‘VIRAH- Realizing Love from Separation’ by Tanya Shah
What happens when you’re isolated all of a sudden? When you find yourself staring right into an abyss and seeing the stark reflection of loneliness hitting the receptors of your eyes. Loneliness does not come from having no people around you, but from being unable to communicate the things that seem important to you. It is then when, oppositions fuse, ecstasy leads to oblivion, and the color of joy turns into the color of mourning.
Humans are social beings. Language is the way we make human contact and achieve intimacy. We speak and listen and in the process of linguistic interaction, intimacy is realized. To understand one another and be understood is an intimate transaction. While exploring Vrindavan, I came across three distinct forms of intimacy: the sense of belonging felt by widows who are largely isolated and ostracized by society, a common bond over loneliness and sisterhood as well as an undying love and longing for their dead husbands. Of all the imprints of history engraved in the ancient and archaic landscape of Vrindavan, widows are the oldest link accessible between Vrindavan’s written history and the present. Widows disposed by their families travel to Vrindavan to find solace in the devotion and worship of Krishna both as a God and a divine husband. These women have withdrawn themselves from the worldly affairs by immersing into religion to escape marginalization, personal loss and their anticipation of moksha from the cycle of mortal life by discovering faith through their devotion to lord Krishna. Poetry is language at its most distilled and most powerful. Using the page as a canvas to express how the Widows of Vrindavan feel towards their faithful lord Krishna, I aim to create Visual poetry by representing their themes, subjects, and sentiments through a variety of shapes, forms & color. Analyzing the nature of poems sung and written by these widows, to derive a certain kind of symbolic language through which they can express their feelings & emotions.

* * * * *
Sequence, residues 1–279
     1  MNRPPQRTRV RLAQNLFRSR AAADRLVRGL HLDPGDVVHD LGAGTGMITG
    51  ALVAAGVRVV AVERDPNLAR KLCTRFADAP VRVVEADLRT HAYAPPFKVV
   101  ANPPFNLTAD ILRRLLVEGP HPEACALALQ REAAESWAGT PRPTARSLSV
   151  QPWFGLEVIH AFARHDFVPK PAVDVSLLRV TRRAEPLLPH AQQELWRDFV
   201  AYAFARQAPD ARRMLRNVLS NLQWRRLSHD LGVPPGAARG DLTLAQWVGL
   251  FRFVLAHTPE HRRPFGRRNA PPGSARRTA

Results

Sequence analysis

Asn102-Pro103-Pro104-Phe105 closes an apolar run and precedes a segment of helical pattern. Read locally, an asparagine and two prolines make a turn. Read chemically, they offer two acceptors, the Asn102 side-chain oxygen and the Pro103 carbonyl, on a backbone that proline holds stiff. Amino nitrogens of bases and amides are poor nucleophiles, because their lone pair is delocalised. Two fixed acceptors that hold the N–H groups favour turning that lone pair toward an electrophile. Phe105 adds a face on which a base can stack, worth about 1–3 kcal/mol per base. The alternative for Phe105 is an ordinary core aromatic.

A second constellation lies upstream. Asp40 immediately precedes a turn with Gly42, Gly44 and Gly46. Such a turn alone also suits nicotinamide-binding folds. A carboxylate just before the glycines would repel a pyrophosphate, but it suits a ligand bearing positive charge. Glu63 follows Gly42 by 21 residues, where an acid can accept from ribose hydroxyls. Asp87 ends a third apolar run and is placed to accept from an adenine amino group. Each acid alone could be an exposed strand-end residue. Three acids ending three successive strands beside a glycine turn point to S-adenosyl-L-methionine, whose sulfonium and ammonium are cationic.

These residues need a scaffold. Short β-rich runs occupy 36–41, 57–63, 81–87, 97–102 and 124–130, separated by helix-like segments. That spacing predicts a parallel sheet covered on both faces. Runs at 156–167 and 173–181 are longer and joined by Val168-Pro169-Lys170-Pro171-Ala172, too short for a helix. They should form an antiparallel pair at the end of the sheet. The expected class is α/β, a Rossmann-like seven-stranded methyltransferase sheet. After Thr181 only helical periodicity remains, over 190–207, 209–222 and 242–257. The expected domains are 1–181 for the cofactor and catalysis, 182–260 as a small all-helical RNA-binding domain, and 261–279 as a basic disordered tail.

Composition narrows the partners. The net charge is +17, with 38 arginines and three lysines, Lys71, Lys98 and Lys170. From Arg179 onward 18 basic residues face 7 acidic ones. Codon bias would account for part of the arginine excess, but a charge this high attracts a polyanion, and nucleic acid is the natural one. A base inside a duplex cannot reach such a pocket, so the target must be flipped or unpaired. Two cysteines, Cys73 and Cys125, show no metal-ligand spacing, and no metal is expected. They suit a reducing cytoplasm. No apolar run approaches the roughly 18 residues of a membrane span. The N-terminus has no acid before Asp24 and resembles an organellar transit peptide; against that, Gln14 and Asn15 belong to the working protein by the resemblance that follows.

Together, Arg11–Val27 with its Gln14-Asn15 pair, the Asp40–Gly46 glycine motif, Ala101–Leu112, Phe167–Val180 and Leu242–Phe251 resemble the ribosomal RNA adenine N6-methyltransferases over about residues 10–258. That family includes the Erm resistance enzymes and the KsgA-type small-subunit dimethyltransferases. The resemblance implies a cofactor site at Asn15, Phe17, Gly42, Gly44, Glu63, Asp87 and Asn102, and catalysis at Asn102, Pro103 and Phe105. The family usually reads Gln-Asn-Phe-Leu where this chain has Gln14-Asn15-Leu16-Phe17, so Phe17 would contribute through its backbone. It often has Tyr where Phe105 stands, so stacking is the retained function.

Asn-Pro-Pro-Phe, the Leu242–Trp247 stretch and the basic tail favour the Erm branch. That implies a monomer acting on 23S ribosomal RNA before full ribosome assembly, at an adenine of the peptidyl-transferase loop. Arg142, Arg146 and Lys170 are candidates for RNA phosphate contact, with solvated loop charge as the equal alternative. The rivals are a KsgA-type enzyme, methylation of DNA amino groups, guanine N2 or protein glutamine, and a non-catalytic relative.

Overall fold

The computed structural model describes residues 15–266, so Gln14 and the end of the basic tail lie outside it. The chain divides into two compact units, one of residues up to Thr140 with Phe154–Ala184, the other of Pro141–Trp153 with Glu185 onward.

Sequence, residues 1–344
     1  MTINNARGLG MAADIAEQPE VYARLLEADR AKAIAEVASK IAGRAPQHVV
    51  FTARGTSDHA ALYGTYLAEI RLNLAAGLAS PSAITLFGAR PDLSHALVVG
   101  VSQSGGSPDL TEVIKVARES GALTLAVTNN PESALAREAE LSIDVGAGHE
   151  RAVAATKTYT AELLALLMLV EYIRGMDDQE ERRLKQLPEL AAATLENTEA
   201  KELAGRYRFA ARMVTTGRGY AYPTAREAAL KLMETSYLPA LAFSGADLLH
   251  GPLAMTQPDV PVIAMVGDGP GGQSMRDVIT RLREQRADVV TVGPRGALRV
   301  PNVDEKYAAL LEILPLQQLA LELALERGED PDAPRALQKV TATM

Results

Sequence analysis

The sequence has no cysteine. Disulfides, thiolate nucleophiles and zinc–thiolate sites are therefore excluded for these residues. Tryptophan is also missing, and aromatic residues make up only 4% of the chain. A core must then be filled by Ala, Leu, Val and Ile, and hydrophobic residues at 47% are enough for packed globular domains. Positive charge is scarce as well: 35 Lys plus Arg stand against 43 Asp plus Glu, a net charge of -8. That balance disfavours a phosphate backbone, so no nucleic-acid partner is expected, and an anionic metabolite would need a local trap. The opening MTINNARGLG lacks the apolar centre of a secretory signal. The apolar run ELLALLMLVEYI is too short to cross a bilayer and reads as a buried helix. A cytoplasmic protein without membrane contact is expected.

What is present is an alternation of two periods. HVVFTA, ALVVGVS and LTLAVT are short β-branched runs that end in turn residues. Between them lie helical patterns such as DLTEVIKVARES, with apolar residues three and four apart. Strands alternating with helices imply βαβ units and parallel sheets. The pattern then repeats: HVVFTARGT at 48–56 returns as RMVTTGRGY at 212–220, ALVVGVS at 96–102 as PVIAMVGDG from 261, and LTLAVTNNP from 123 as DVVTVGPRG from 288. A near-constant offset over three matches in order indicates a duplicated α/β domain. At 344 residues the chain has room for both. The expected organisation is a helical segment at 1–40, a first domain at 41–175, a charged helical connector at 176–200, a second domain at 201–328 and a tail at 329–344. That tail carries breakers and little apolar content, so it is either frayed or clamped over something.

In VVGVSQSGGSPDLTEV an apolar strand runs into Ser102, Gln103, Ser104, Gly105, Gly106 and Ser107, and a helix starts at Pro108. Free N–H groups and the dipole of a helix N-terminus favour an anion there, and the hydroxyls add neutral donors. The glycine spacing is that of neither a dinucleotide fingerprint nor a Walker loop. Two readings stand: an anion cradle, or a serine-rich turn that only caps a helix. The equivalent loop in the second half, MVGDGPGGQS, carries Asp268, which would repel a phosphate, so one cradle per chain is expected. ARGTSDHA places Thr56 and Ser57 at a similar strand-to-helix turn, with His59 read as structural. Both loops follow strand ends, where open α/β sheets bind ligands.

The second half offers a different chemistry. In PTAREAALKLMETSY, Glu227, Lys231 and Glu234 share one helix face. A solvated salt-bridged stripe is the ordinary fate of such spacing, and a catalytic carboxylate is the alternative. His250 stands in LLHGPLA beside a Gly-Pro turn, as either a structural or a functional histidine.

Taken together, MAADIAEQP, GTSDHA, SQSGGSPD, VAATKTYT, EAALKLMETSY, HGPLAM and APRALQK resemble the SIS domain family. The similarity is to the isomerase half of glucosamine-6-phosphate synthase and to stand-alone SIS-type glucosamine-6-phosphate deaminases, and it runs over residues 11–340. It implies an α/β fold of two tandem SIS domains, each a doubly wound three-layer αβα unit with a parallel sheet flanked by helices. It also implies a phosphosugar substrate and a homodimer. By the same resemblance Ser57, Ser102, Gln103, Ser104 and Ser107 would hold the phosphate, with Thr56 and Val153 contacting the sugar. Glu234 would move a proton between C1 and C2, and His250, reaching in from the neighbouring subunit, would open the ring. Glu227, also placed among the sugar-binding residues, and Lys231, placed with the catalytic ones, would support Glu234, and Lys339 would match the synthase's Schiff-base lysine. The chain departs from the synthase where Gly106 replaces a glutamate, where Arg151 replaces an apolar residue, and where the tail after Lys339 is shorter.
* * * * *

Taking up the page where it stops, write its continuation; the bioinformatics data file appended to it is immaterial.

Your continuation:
Credit- Tanya Shah – Class of 2018